To those who think that marginalized or traumatised people are asking to be coddled

I recently came home to find that the person I had rented out my room to had left the flat in such an unclean state that maggots had started to populate every room.

After the first two groups were discovered I (rightly) assumed that they would be found in the rest of the flat as well. Not only did my tenant not apologize and get to work cleaning the flat, but he used a variety of coping mechanisms to avoid blame:

  • He made fun of me for “exaggerating” how many groups there were.
  • He pointed out how the maggots were actually pretty cute.
  • He argued that the maggot flies were actually coming in from the outside, not from his trash can that was full of maggots.
  • He mentioned how he had heroically squashed a bunch of flies a few weeks ago, unlike his friend who had just shrugged at them.
  • He pretended he hadn’t noticed a single maggot before we got there.

Since he would be staying in the flat for another week and we were forced to coexist and I needed to get him to see that there was a problem and to do some work towards managing that problem (e.g. vacuum his room). What I was asking for was the bare minimum, but he kept putting it off in a way that compromised the effort that I had already made towards getting rid of the problem. He was clearly in some kind of denial.

So, my task was to talk to him in such a way that got around his defence mechanisms, no doubt grounded in a fear of failure and a desire to see himself in a good light, to make him see and do the bare minimum to deal with the problem. And it occurred to me that I face these defence mechanisms, and the issue of how to get around them a lot when talking to people about oppression:

  • They gaslight you, acting like you are being extreme or unreliable in some way, e.g. paint you as an “angry feminists”.
  • They belittle the problem, e.g. “who doesn’t like being complimented?” in response to catcalling.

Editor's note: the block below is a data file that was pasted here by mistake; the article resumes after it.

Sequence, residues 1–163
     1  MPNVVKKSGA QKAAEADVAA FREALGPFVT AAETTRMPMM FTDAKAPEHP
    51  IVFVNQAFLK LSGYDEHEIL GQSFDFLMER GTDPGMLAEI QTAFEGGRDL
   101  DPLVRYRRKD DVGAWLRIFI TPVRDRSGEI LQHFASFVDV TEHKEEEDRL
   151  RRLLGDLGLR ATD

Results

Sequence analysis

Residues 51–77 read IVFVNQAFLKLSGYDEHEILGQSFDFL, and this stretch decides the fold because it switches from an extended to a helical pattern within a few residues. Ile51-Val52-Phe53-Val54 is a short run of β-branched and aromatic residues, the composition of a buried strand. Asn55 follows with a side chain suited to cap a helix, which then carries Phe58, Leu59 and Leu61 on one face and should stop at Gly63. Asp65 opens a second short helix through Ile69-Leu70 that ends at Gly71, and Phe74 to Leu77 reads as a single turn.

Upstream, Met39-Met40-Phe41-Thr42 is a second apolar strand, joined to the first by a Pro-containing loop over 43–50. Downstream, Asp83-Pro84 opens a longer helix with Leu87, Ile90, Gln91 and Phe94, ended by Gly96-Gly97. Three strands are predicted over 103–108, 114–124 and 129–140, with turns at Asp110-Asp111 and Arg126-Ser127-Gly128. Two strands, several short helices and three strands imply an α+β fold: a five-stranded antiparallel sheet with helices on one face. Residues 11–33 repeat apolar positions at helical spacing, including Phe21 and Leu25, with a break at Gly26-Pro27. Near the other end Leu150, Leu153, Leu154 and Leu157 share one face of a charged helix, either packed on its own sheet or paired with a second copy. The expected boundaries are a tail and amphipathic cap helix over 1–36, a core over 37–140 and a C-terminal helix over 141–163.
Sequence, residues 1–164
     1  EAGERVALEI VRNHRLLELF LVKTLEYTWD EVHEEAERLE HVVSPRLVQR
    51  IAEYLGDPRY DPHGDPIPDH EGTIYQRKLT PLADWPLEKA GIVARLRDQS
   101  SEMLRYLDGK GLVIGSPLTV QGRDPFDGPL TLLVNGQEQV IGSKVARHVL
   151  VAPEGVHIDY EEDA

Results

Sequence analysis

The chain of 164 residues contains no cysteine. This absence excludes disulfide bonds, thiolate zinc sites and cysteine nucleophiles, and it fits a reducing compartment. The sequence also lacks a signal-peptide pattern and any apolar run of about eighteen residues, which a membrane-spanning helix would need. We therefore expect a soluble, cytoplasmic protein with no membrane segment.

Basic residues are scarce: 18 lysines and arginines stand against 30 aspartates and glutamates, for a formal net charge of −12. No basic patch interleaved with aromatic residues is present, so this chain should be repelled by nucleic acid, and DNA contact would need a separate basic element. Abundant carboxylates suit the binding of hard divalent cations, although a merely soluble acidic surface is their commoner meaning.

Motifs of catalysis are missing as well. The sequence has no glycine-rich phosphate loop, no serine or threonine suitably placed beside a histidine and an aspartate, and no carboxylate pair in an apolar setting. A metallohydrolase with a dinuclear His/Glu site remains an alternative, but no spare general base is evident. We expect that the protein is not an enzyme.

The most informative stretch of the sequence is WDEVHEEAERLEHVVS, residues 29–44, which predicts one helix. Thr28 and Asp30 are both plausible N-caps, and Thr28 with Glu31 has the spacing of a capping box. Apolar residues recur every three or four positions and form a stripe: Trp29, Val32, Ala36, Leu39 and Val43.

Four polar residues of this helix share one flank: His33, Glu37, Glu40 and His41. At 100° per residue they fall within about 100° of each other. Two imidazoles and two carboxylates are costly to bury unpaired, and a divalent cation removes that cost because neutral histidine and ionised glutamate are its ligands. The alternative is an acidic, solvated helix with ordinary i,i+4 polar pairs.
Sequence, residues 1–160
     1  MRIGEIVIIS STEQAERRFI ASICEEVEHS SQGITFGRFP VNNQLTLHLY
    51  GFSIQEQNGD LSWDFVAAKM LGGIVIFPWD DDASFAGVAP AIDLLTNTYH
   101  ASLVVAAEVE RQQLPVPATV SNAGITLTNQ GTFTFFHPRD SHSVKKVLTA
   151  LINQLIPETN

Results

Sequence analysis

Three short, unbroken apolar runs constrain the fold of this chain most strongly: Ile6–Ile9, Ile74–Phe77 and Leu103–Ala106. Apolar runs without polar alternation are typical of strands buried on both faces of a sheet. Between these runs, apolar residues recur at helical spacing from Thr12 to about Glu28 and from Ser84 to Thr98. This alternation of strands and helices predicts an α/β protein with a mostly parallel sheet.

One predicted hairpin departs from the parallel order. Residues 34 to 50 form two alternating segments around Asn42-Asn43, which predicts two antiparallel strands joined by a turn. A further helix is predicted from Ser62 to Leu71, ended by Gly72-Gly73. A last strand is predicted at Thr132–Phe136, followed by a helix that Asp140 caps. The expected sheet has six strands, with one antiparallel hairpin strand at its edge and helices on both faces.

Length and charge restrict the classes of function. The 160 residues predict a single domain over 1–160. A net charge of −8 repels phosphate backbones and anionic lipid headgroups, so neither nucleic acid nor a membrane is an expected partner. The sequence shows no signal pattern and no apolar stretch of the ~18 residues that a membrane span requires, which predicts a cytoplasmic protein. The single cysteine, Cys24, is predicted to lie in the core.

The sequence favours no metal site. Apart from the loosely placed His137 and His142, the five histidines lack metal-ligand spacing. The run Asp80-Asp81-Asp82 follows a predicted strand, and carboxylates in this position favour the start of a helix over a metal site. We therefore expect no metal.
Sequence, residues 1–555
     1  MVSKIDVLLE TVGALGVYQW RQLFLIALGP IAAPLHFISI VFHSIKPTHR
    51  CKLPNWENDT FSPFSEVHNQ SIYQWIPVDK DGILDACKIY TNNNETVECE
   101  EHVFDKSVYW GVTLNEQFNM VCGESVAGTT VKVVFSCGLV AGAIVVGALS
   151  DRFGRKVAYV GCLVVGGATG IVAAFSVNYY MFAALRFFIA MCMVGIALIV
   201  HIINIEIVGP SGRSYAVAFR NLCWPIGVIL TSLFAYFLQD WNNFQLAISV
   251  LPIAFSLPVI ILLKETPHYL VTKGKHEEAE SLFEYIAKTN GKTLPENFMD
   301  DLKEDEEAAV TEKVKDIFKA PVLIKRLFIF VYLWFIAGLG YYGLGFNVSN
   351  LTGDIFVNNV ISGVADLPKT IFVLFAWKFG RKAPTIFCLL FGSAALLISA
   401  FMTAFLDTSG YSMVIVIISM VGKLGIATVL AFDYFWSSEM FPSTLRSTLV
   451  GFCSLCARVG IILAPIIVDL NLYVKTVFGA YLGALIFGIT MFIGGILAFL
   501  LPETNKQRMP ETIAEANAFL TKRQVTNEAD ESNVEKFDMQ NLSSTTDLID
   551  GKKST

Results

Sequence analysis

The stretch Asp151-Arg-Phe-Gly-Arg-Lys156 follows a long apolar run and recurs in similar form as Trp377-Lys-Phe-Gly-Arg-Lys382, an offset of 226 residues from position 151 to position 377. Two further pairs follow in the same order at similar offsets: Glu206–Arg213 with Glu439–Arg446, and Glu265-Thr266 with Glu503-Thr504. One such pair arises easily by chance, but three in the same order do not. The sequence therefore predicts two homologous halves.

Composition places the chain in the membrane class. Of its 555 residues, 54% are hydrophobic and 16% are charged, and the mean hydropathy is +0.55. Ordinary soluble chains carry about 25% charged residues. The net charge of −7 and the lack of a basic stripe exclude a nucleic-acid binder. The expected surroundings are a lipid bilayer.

• They argue that the problem is coming from elsewhere, e.g. from “those immigrants with their patriarchal cultures who come here and rape our women”.
  • They mention all that they have done to deal with the problem as they see it, e.g. “I voted for harsher punishments for rape so don’t tell me about rape culture”.
  • They act like dealing with a small subset of the problem was dealing with the problem.

And here I am, trying to make them see that the house is still full of maggots, that they are part of the cause and that they need to make a change to manage the problem.

(On top of that, having been doubted on these issues my whole life, I have to fight against my own instinct to doubt myself, am I overreacting? Are maggots really a big deal? I ask some friends and they assure me that it is. It is harder when you are in the minority and don’t have people around you to ask.)


Who is being coddled?

Why am I pointing out the difficulties in dealing with people who have a vested interest in not seeing a problem? Because all too often I read texts by people who think that traumatised or marginalized people are asking to be coddled – whether they are asking for trigger warnings, accessible spaces or for their correct pronouns to be used.

And yet in their reply marginalized people are putting in enormous effort to coddle those same writers.

When it comes to worm guy I adjust to his defence mechanisms: I don’t ask for more than the bare minimum. I don’t tell him he is being unreasonable. I make sure to keep my tone as unemotional as possible. I point out how good he is being when he takes steps to deal with the problem and how we’re on the same team.

All the while he is feeling mighty inconvenienced by the fact that I am still pointing at a problem that he can’t see. Eventually my insistence visibly angers him. And then I live with the threat of his anger. Because we still share a flat and he is stronger than I am. And he may not be “one of those guys”, but how would I know? So, I take precautions and make sure I’m never alone in my own flat when he’s around.

And still, after all of my adjustments to deal with his insecurity, his anger, and his biases, some people say that it is people like me who are demanding to be coddled.

I guess they don’t want to feel guilty about the maggots.


Recommended reading like this
On this blog: Rejected needs and societal structures
Elsewhere: The hidden brain – how ocean currents explain our unconcious social biases 

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